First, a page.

Can I choose my supervisor?

Some universities require you to find your own supervisor, while others allocate one based on their expertise in your area. In some cases, you ™ll have multiple supervisors. If you are free to choose your own, consider things such as academic credentials, their reputation within the industry and the research they have produced themselves (and how closely it relates to your own interests).

How do I choose a research degree topic?

There are many things to consider when choosing a topic. You want to consider the scope of the topic ” ensuring there ™s enough depth for you to be able to expand, explore and develop your research to an appropriate level of detail. On the flipside, picking a topic that ™s too broad can leave you feeling overwhelmed. Other things to consider are whether your topic aligns with a more extensive research project (and if there are any opportunities for you to gain funding or find a spot on a research team) and what research currently exists in the area. Ideally, you want to find a gap in knowledge and literature.

Can I change my research focus?

While not encouraged, it ™s possible for you to change things up once you commence your degree. To do this, you usually need to seek approval from your school or faculty, although each university will have its own policy regarding change of candidature. It may also be necessary to change the submission date of your thesis, depending on the extent of your change.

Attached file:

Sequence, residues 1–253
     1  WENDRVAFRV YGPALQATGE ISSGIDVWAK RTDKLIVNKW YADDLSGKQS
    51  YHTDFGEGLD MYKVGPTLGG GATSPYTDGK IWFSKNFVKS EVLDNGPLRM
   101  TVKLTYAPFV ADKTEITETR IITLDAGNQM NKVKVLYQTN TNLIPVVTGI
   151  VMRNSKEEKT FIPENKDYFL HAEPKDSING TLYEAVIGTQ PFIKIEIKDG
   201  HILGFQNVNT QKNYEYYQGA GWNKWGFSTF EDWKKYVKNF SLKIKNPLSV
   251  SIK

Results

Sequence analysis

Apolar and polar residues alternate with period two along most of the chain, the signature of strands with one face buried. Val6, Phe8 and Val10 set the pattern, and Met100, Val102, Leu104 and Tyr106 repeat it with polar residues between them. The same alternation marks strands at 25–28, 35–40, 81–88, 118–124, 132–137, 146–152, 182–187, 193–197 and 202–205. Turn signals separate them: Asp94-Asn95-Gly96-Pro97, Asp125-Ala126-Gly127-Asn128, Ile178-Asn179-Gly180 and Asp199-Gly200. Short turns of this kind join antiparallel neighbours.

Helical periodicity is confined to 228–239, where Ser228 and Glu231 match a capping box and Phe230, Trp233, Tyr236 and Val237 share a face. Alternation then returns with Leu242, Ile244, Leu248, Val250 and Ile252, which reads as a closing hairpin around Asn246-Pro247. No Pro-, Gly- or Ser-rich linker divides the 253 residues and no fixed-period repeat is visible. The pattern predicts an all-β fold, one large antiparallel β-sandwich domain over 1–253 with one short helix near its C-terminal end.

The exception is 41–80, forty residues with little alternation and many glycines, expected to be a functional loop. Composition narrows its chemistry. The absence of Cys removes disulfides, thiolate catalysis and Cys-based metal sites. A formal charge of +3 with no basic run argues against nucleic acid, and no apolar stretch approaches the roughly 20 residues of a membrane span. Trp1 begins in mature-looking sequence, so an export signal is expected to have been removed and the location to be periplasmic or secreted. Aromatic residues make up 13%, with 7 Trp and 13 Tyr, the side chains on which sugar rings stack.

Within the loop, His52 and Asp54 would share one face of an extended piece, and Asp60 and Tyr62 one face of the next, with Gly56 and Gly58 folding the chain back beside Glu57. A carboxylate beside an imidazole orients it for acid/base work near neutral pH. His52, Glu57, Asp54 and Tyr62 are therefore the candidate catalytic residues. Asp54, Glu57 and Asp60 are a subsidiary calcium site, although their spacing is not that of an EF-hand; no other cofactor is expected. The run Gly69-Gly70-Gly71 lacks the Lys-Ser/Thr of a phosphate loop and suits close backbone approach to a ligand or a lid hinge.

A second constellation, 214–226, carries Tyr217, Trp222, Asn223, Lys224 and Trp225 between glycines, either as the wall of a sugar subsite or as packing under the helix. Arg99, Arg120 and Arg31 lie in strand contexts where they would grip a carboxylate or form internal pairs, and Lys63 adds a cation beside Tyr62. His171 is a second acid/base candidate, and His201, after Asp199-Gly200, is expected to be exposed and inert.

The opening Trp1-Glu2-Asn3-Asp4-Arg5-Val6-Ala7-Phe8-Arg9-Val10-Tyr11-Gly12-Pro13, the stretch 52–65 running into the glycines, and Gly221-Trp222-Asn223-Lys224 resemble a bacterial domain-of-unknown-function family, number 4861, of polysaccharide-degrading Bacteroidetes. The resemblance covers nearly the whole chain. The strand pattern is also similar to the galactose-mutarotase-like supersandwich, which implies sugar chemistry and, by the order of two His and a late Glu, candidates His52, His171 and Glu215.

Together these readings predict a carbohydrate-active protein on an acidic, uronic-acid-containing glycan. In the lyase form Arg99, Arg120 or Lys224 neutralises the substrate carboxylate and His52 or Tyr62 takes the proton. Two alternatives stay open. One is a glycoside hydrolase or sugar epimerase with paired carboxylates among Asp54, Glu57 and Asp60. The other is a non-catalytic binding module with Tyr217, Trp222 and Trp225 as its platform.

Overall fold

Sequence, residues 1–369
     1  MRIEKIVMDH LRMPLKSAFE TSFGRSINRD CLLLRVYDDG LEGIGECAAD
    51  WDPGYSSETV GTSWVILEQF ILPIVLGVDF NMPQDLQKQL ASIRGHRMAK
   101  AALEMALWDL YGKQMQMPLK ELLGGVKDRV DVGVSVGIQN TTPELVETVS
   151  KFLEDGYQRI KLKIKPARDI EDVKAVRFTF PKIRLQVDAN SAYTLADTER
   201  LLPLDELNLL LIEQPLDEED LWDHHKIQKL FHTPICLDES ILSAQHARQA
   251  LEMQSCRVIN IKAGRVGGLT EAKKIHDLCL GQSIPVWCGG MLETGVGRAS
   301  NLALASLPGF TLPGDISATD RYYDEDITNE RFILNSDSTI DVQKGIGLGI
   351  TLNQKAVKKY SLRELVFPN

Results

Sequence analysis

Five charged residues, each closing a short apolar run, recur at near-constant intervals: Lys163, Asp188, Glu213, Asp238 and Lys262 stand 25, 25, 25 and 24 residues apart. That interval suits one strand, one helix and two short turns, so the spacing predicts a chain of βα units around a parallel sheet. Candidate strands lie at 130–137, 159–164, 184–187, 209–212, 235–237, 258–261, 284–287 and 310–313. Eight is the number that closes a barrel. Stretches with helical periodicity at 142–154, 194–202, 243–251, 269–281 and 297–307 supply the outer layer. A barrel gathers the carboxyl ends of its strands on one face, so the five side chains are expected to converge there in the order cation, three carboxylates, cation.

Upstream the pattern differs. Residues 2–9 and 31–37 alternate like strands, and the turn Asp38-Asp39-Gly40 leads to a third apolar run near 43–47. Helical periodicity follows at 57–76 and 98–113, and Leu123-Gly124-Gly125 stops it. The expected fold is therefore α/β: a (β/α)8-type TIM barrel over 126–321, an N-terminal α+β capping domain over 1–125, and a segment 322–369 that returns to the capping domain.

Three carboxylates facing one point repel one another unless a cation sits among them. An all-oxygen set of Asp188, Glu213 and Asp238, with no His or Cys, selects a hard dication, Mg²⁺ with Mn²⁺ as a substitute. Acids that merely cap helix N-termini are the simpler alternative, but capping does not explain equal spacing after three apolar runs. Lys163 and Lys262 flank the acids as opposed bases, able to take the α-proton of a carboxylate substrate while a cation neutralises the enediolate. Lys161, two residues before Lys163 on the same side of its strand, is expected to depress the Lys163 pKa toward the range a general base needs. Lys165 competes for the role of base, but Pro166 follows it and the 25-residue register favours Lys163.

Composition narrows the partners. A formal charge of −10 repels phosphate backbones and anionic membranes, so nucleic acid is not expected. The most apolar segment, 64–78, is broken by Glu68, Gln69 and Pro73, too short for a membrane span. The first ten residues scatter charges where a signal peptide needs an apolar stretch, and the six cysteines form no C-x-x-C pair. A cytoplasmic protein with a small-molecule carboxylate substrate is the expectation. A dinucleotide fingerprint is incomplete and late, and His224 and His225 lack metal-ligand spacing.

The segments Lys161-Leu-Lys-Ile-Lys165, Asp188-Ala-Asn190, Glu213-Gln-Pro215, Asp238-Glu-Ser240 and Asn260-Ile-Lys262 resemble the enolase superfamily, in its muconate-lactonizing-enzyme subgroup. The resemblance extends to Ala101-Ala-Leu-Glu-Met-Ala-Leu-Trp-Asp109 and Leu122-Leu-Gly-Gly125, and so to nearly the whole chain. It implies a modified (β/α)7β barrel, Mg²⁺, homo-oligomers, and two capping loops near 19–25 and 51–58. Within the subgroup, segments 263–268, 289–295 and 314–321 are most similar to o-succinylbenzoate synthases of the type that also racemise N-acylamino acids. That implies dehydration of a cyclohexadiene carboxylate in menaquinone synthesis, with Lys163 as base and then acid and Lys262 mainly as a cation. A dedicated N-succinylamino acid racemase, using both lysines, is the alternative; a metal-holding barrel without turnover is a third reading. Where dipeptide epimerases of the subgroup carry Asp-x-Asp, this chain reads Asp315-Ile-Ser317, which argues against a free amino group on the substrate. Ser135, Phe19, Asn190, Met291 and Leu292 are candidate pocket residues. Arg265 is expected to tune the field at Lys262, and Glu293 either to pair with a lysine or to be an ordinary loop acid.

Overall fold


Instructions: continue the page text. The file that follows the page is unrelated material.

How long does it take?

Many research students study part time due to work and other commitments, so completion of these degrees can take many years ” sometimes six or more. Masters degrees by research usually take around one to two years of full-time study, while PhDs are typically completed over three to four years.

How much does it cost? Can I access financial assistance?

Domestic students undertaking research degrees may be entitled to a government-funded place through the Research Training Scheme (RTS). Unlike the Commonwealth Supported Places offered to undergraduate students, RTS students are not required to repay their tuition fees. In addition, students may be eligible for scholarships or grants (offered by both the government and universities), including Australian Postgraduate Awards. See Financial assistance for research students for more information.

What are my employment opportunities while studying?

Many research candidates choose to work at the university while they complete their thesis. This may include acting as a lecturer or tutor in a lower qualification program or finding work as a research assistant.

Where can it lead?

Completing a research degree can open doors to a number of opportunities, whether you plan to continue down the academic path or apply your knowledge in the workforce. Once you have submitted your thesis, you can look to have it published in an academic journal. In terms of career prospects, a research degree can increase your chances of gaining employment at the upper echelon of your field. For those interested in academia, a PhD is usually a requirement.